5 Essential Digital Marketing Tips for 2020Posted on December 16, 2019
Do you ever get caught up in a whirlwind of acronyms, analytics, and data? Lots of marketers do. My advice? Keep it simple. Stay focused. Avoid the noise of algorithms (they’re changing constantly) and pocket these five evergreen guidelines for digital marketing as you head into 2020. Huge h/t to the awesome presenters from Digital Summit (Carlos Gil; Scott Calderwood, SAS Institute; Leigh George, Freedom) for drilling down on these tips.
1. Don’t think like a marketer, think like a student/prospect.
I know, I know. It’s common sense. But how many of us take a step back and think about our prospects before we make marketing decisions? Do you really need 34 fields on your Open House sign-up form? When you register for a conference, wouldn’t you be rolling your eyes if the form took ages to fill out? Make your marketing decisions based on the success of your prospects, not your brand.
I mean, look at social media; social media from a brand standpoint is broken. We’re under intense pressure to make sure it works, but it doesn’t when we take the “social” out of social media and use it only to sell, sell, sell. Relevant content has nothing to do with you, and everything to do with what’s relevant to YOUR audience. Dive into those metrics to know what’s relevant and what isn’t, and think first about educating or engaging your audience instead of selling. If you consistently engage your audience, you build a loyal community, and then you don’t have to sell—they’ll do it for you.
2. Test everything (or anything).
You’ve heard of A/B testing, and maybe you’ve even started to test your email subject lines or a CTA here and there. But how many of us test and iterate every ounce of our marketing efforts? Remember, any improvement is an improvement. Here’s my challenge to you: start testing something you haven’t been testing. Be curious. Never assume you know the answer, and prepare to be humbled—what you think will win the test may actually lose by a landslide. But really, you can never fail with testing, only learn. Add up some small wins and make ongoing, incremental improvements. Test, retest, and test again. (And hugely important: document your efforts! Keep a running tab of test outcomes that your team can easily access.) Your marketing efforts and all those acronyms (CTR, CPC, CVR, CPA) will thank you.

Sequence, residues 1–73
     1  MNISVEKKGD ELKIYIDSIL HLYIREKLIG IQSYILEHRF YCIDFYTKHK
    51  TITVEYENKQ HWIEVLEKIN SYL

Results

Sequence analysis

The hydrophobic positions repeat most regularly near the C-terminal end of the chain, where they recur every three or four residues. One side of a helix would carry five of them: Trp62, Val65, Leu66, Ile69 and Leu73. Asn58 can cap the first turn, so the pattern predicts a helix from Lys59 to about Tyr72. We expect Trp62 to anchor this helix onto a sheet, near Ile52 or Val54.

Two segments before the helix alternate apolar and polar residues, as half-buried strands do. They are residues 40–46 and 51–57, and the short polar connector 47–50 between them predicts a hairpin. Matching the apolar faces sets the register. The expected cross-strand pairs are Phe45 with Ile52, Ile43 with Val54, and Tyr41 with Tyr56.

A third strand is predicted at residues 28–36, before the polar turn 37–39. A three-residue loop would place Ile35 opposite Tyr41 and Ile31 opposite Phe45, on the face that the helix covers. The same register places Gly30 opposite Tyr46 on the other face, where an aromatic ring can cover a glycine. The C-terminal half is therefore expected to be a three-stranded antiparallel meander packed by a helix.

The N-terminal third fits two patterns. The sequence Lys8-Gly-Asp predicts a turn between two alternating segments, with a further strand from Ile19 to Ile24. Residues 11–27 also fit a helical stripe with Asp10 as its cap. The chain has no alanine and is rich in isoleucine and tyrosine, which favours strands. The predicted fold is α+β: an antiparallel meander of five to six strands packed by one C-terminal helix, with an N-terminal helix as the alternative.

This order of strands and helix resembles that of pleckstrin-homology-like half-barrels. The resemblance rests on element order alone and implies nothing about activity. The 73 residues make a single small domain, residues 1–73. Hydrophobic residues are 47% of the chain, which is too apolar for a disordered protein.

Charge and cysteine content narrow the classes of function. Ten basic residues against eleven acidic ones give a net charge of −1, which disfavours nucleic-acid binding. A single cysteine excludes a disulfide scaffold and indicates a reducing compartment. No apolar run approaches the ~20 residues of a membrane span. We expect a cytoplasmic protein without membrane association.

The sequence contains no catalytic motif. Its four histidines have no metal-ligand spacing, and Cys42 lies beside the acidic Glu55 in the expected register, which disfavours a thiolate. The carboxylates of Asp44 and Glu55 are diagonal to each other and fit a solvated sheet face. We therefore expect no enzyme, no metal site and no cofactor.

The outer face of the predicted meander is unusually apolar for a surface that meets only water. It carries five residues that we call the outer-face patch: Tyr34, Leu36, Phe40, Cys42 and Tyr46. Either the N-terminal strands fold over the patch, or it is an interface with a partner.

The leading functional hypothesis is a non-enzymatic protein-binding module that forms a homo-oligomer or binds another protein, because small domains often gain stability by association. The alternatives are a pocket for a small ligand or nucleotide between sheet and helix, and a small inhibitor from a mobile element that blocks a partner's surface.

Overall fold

3. The challenge in 2020 is not reaching people, it’s avoiding bad experiences.
You’ve probably had an experience where you felt like your phone or smart home device was listening to you. Maybe you saw an ad, but never searched for it, or have no memory of trying to find it, but your phone just “knows” you want it. Now I’m not saying your phones are listening in to your conversations, but for me, this hammers the point home: in 2020, the challenge isn’t reaching your audiences.
Remember Blockbuster? Rows and rows of VHS tapes in their trademark blue & yellow sleeves, shelves of candy by the checkout, “Be Kind, Rewind?” Blockbuster is dead. #RIP (but shoutout to the last stalwart of nostalgia in Bend, Oregon). But make no mistake—Netflix didn’t kill Blockbuster, late fees did. It’s the same story we see again and again; Uber didn’t kill taxis, limited access and fare control did; Apple didn’t kill the music industry, being forced to buy full-length albums did; Amazon didn’t kill other retailers, poor customer service and experience did. The challenge in 2020 is avoiding bad experiences. In higher ed, even more so than other industries, institutions should be helping their “consumers” with their passions, not the other way around. Ask yourself how your purpose intersects with that passion, and how you can make an impact on the challenges that matter most to your students. Stop thinking like a marketer and start thinking like a student, and avoid experiences you wouldn’t want to go through yourself.